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Coming off a third-place finish in his teams' debut season as a West Coast Conference member, BYU head basketball coach Dave Rose on Monday said that last year's league finish "was a little different for us," and that his players "expect more of themselves" in their second year through the conference.
Speaking with me at the WCC Men's Basketball Tip-off gathering in Los Angeles, Rose reflected on his first WCC media event a year ago, saying "this day last year was really uncomfortable for me."
"I didn't really know a lot about the league," said Rose of his first exposure to the WCC. "I knew some of the coaches, but hadn't scouted their teams that much, so I didn't know a lot of their personnel...but this feels a lot more normal, where the players that are here--I know them, I've watched them, seen them play, I know the rosters of most of the teams, and I know the challenge."
Rose's Cougars were the third of three WCC teams to make the NCAA Tournament in 2012, joining regular season and conference tournament champion St. Mary's, and Selection Sunday regular Gonzaga in the Big Dance. The WCC ended up with more NCAA bids than the Pac-12, and has been making steady inroads toward shifting the balance of power in western college hoops.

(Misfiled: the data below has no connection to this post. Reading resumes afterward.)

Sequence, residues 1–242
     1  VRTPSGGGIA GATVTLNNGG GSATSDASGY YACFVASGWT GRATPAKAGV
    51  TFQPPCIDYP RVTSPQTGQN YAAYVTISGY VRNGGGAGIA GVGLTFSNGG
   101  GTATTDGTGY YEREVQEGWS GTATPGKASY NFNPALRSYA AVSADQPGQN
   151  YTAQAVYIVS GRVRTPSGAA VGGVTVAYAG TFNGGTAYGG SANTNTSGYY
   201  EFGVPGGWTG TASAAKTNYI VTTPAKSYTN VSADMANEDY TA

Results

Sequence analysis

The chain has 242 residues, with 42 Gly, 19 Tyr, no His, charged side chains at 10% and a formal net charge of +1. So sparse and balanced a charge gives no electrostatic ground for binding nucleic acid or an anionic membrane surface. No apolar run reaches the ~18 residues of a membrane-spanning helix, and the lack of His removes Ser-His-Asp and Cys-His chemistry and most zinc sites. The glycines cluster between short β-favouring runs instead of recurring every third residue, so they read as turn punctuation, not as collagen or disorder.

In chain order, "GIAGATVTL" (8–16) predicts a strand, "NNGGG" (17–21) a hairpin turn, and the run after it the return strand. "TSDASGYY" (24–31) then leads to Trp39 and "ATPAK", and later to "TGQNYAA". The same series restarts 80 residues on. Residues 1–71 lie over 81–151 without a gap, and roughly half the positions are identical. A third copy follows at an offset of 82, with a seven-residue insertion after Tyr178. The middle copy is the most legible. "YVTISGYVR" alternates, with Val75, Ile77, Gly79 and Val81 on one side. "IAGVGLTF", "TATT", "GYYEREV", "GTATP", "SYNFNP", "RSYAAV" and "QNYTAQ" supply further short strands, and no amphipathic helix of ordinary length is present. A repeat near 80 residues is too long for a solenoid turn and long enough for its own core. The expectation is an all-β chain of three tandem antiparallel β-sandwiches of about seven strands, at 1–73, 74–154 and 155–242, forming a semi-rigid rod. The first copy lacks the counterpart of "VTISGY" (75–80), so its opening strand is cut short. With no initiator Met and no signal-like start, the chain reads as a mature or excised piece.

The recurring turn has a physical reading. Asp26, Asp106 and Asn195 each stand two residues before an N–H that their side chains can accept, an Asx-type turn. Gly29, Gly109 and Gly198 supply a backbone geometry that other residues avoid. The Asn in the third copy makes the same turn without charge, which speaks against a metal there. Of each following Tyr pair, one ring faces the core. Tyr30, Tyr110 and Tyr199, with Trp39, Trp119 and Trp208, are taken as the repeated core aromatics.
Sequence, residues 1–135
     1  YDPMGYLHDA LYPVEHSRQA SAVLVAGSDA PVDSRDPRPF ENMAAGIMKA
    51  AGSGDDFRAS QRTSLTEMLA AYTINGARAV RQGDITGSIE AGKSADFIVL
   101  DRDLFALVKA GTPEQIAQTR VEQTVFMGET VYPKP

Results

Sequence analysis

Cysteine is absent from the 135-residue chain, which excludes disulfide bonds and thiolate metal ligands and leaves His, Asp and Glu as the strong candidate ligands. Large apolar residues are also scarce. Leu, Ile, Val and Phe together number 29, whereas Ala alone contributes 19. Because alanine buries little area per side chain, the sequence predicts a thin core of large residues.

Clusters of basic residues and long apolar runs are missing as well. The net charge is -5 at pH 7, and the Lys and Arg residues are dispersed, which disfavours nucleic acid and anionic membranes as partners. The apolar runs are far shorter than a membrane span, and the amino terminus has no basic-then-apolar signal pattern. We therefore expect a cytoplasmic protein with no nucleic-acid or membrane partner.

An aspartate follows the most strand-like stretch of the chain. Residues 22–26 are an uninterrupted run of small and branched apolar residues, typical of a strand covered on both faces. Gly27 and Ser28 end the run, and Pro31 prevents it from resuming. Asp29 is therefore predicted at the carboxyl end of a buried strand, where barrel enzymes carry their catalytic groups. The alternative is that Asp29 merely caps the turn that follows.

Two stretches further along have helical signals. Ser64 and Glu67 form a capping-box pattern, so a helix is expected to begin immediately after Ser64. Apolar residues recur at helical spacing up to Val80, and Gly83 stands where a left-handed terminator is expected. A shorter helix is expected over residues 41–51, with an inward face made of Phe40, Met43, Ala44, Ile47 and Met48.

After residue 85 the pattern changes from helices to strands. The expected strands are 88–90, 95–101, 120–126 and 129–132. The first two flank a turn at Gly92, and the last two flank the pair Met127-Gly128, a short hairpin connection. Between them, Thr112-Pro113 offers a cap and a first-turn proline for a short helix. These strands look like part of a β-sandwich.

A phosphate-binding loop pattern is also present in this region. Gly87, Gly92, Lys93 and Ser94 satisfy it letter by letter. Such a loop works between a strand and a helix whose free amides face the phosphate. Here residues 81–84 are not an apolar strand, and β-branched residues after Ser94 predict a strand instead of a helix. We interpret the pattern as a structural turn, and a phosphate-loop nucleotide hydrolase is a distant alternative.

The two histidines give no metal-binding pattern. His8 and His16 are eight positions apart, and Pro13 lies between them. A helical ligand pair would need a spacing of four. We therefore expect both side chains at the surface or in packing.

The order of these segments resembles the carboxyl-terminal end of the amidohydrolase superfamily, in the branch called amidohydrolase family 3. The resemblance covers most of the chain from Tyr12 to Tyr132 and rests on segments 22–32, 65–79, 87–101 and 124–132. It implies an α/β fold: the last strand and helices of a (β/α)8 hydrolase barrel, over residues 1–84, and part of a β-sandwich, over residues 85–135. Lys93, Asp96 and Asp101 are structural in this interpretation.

"This really is an impressive league," said Rose. "The strides that they've made in the last couple of years, just with media coverage and TV deals...(this) is a place that I think will really challenge us and really stretch us, and I know that our players feel the same way, too."
Having won four Mountain West Conference championships in six seasons as a league member, Rose begins pursuit of his first WCC crown, with his team having been picked to finish second by the league's coaches.
Of being picked ahead of last season's regular season and conference tourney champ, Rose said "that surprises me; St. Mary's beat us twice last year, and they've got their whole team returning, except one guy."
"The expectation is for Gonzaga to be a little bit better, and maybe the expectation is for us to be better. The bottom line is there are probably realistically four or five teams that could win this league, depending on how things go--hopefully we're right in the middle of it."
"You realize that to win a conference championship, no matter what league it is, you have to be consistent from the first weekend in, until the last weekend. Obviously trying to win the West Coast Conference regular season championship, for us, is a real priority because we've never won one. There are really good teams, and it's a real challenge."